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I am doing my science fair project which is: Does chewing gum improve memory? These are my questions:1. What section of the human brain holds memory 2. What techniques improve memory? 3. Can chewing gum improve your memory? 4. How does gum stimulate the brain? 5. How can I make my project the best it can be? 6. What is your profession? Thank you
Answer 1:

1.Which section of the human brain holds memory?
Memories are stored all over the brain! There are lots of different types of memory, such as memory for events, memory for procedures, and memory for a familiar face. These different types of memory are stored in multiples locations, and often require that different parts of the brain communicate with each other to recall the memory. The brain is one big network, and for something as complex as memory it requires a lot of communication between its parts.

2.What techniques improve memory?
This depends what kind of memory you want to improve, and there are lots of different strategies. If you want to improve your memory for performing a task, then practicing the task helps a lot. If you want to improve your memory for facts, you should try to make meaningful connections between the facts you want to learn and your prior knowledge.

3. Can chewing gum improve your memory?
Great question! There is a little bit of evidence that chewing gum may help learning. There are usually two parts to a memory test: the initial learning of information, and the test. If people chew gum during learning, this may help them keep their attention on the material, and this may help them learn. It is also possible that people who chew gum during learning do better on a test if they chew gum during the test as well, but not as well if they don't chew gum during the test. It seems as though there haven't been many experiments testing this, however, so your results will be interesting!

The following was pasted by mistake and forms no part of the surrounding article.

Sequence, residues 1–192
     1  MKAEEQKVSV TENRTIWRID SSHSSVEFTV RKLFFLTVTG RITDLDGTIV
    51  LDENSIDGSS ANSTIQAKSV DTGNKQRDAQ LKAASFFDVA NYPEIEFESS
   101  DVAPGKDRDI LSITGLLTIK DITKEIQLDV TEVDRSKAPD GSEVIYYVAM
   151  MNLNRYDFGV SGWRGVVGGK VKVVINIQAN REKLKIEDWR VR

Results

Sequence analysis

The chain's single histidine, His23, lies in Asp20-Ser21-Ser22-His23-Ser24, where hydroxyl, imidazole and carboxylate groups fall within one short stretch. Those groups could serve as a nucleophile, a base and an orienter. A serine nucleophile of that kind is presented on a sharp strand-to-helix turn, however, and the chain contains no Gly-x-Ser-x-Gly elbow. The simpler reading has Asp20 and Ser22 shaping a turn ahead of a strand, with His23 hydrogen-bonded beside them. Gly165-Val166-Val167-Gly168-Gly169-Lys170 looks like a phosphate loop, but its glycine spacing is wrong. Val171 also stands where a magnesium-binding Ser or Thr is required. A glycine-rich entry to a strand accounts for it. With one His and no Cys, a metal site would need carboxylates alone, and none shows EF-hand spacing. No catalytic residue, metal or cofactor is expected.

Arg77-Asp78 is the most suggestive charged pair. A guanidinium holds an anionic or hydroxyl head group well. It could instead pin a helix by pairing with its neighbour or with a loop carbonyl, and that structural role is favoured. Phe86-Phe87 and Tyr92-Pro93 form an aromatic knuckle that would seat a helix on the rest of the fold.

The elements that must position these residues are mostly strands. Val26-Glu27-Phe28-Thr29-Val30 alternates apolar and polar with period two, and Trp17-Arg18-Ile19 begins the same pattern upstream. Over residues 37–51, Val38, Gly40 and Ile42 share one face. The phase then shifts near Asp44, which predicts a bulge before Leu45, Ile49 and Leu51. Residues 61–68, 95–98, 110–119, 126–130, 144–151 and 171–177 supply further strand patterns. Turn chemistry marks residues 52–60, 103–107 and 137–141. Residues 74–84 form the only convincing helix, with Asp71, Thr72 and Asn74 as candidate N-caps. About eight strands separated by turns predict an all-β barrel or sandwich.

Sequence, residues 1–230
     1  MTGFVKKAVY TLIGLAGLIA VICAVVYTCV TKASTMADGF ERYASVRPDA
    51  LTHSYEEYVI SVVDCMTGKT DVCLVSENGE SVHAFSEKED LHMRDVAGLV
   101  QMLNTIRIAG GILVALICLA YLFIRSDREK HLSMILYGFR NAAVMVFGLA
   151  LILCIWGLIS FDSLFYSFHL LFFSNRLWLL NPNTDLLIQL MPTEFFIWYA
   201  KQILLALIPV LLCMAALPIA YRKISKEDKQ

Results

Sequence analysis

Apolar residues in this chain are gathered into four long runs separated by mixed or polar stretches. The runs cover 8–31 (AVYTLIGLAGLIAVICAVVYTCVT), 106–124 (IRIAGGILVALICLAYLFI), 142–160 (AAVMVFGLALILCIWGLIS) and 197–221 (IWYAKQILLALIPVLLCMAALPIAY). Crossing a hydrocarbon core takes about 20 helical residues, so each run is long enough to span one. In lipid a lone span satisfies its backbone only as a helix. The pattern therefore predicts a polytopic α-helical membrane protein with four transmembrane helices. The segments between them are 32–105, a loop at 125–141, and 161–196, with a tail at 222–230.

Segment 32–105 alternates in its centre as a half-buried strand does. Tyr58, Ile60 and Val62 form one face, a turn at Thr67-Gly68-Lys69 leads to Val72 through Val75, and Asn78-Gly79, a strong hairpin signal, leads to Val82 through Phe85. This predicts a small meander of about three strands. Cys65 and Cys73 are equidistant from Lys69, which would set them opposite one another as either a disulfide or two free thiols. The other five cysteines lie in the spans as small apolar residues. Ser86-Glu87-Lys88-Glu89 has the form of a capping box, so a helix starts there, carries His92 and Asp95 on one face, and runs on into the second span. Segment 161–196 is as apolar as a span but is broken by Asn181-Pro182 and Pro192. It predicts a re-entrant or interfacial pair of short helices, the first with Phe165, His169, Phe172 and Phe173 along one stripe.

4. How does gum stimulate the brain?
Chewing gum involves a lot of parts of the brain. The orofacial sensorimotor and promotor cortex are involved in the physical act of chewing. Chewing gum also seems to activate a fronto-parietal network that may help with processing cognitive information. (This information comes from a 2004 study entitled "A fronto-parietal network for chewing of gum: a study on human subjects with functional magnetic resonance imaging" by T. Takada and T. Miyamoto)

5. How can I make my project the best it can be?
It's very important to include proper experimental control in your experiment. That means that you should compare your gum-chewing group to a group that is as similar as possible, but without the gum. There are a few ways you could do this: 1) If you're interested in the effect of chewing versus not chewing, you could have one group chew gum and the other group do nothing, 2) If you're interested in the effect of just the gum, you could have one group chew gum and the other group make a chewing motion with no gum, or 3) If you're interested in the effect of the minty flavor of gum, you could have one group chew gum and the other group chew flavorless gum. The control group you choose depends on which question you want to ask.

6. What is your profession?
I am a Ph.D. student studying cognitive psychology.



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